Nicolas Cage and his ridiculous haircut are back as the dauntless treasure hunter Ben Gates in National Treasure: The Book of Secrets. The second installment of the National Treasure series brings us an even more farfetched adventure than the first film, which was incredibly preposterous. But yet again, those brilliant/insane writers manage to trick us into believing the implausibilities that this movie spills out for us. This time around, Ben and his sidekick Riley (Justin Bartha) are out to clear Ben's ancestor's name, due to new evidence that suggests he may have been a conspirator in the assassination of Abraham Lincoln. The only way to prove his relatives innocence is by proving to the world the existence of a treasure that dates back to the 1800's. But this time around, Ben has new competition in the form of Ed Harris, a man who is trying to make a name for himself in the historical community. The evidence that Ben needs to accomplish his task lies somewhere so mysterious that many people impugn its very existence. The President's book of secrets. As you can probably conclude from the title, this was a book that only the President could lay eyes on, because it was, well, a secret. So how could Ben possibly go about getting his hands on this book? Kidnap the President of course! Did i mention it was a Jerry Bruckheimer film? At the same time, Ben must try to heal the wounds leftover from his split with his wife Abigail Chase (Diane Kruger). Although, this part of the plot doesn't seem nearly as controversial as the kidnapping. Other familiar characters return to this installment as well, such as FBI Agent Sadusky (Harvey Keitel) and Ben's father Patrick (Jon Voight).
When Book of Secrets was being written, those who penned the screenplay held nothing back in this completely over the top, unbelievable, sometimes stupid action flick. But I'll be damned if I wasn't entertained. Who would have thought that all it took to break into the Oval Office was a hot wife! It seems as though if you had proper brain function you'd know that that is completely false and extremely impossible (and also warrant for arrest), but if you are going to watch this film, you have to check your thinking cap at the door.
Nicolas Cage once again does a stellar job as the venturesome treasure hunter Ben Gates. Cage's performance manages to reflect the movie's tone perfectly in every scene he is in. He could easily switch from wisecracking jokester to stern kidnapper in a matter of seconds. Versatility, thy name is CAGE. His haircut however, leaves a lot to be desired. Justin Bartha also does much of the same as Riley Poole, providing that extra comic relief that keeps the movie in check. Diane Kreuger is pretty much meh, again, doing not much except look hot. Harvey Keitel provides even less to this movie than he did in the first film. It almost seems as though the only reason he was there was because he was under contract. Helen Mirren joins the cast this year as Ben's mother, and one can't help but wonder....why? Evidently, money can make even the most highly regarded actors and actresses deviate from their natural trend of starring in great films, and place them in a not so great blockbuster. While we are on that note, 4 time Oscar nominee Ed Harris is in this film as well. And if I'm not mistaken, Jon Voight won an Oscar way back before his days in Baby Geniuses and the Bratz movie. But I am not here to talk about Jon Voight's spiraling career, so back to business.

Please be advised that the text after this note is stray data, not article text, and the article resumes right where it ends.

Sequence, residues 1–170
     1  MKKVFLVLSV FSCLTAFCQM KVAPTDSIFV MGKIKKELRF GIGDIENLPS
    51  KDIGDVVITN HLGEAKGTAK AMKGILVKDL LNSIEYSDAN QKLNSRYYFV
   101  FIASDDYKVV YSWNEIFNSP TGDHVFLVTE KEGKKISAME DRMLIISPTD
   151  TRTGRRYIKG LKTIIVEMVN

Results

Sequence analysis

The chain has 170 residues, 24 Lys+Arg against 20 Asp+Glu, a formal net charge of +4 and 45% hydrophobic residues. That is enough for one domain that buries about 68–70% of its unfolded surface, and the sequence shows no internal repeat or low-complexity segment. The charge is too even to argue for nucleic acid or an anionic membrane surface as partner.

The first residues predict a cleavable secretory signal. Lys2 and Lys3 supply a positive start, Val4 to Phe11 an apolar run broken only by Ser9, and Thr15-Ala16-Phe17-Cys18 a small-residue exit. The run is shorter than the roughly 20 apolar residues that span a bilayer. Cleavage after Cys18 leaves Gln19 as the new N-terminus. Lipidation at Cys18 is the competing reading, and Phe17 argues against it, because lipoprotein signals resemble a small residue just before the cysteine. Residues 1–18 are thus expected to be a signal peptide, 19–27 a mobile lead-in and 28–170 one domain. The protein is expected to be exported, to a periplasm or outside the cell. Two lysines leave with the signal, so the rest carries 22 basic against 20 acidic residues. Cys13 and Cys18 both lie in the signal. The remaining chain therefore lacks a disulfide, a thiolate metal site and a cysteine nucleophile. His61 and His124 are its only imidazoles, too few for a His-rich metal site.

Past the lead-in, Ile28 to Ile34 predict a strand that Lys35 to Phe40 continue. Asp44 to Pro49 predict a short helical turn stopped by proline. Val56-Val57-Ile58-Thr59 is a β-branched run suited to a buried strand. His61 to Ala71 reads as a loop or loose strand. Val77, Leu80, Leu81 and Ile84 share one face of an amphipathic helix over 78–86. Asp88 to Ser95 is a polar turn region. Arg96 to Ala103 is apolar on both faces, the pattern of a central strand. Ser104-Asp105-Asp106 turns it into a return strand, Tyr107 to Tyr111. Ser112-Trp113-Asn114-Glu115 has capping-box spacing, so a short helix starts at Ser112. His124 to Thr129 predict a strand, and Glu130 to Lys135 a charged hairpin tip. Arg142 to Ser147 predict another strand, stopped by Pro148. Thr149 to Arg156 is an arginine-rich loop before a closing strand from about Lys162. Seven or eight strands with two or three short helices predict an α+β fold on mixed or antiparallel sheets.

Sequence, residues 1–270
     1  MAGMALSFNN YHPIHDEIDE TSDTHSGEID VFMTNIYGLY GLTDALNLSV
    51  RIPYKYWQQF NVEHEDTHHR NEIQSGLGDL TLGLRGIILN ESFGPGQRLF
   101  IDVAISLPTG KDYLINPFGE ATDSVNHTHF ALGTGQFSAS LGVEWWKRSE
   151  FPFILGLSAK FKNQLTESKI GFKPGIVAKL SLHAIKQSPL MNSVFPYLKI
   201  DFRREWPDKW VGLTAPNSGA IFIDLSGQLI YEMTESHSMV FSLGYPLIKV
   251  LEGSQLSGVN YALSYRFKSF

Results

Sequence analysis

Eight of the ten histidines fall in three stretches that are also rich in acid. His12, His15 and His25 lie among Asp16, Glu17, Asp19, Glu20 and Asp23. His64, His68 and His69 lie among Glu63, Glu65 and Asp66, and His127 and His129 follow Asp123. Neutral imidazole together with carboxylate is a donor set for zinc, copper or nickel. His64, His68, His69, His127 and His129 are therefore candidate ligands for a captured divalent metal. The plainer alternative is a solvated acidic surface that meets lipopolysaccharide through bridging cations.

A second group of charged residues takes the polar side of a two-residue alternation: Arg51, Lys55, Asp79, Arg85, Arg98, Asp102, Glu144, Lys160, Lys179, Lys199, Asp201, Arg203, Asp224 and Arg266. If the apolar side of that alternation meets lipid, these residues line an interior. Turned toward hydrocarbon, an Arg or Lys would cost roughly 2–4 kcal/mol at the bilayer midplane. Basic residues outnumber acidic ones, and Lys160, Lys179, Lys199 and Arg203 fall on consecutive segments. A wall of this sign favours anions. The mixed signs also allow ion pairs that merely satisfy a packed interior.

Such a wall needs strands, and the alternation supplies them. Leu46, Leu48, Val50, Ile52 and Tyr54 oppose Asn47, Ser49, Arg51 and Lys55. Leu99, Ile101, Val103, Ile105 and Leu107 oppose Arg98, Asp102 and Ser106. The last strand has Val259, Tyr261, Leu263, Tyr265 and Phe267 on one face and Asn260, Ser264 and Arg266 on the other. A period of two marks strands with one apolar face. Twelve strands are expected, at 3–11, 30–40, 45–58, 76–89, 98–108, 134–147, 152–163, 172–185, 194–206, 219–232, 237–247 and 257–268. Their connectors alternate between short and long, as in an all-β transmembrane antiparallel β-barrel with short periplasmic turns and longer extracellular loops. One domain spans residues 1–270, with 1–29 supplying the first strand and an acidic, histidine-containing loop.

There is a lot more action to be appreciated in this National Treasure than in the previous one. Yes, it was probably done to make up for the ridiculous plot, but whatever works, works. The excitement level remains raised for extended periods of time that the first film lacked. Jon Turteltaub definitely takes it up a notch from the first installment in his directing style. He will not be winning any Oscars, but he deserves some kudos for managing to keep this film at a steady pace, and avoid having it sink into the lowest level of absurdity. (But it comes damn close.) Book of Secrets isn't as good as the first film, simply because it is a bit more unbelievable and convoluted, and at some points I did say "Oh, CMON", at the obvious flaws. But this is obviously a film that wasn't meant to be taken to heart in the first place, so I forgive them. Those of you who do not have the patience for a movie that completely ignores the laws of logic, I'd suggest staying away. To the rest of you, enjoy. My Rating (6/10)